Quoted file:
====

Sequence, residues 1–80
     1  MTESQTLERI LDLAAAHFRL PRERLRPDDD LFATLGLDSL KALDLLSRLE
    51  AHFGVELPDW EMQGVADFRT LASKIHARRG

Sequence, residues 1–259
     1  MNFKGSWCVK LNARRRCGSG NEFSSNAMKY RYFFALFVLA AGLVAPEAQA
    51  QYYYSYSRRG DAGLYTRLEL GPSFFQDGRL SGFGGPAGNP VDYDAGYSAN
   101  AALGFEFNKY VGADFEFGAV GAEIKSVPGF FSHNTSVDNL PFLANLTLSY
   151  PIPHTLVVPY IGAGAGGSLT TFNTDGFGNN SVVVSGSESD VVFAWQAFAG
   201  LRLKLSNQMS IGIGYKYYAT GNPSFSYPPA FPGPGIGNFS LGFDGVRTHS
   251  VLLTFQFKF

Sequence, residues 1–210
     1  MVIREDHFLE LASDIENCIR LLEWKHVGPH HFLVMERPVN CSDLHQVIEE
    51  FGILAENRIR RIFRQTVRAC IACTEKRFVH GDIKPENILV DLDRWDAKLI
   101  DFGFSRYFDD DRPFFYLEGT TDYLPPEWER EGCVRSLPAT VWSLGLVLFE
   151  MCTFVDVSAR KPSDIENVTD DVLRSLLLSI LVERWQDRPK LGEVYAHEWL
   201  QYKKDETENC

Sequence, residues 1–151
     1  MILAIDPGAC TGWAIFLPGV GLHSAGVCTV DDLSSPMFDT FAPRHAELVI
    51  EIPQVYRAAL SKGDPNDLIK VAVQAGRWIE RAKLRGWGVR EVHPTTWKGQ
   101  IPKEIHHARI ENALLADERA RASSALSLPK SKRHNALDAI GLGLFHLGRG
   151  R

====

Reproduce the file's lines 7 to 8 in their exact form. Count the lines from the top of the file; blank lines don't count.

   101  AALGFEFNKY VGADFEFGAV GAEIKSVPGF FSHNTSVDNL PFLANLTLSY
   151  PIPHTLVVPY IGAGAGGSLT TFNTDGFGNN SVVVSGSESD VVFAWQAFAG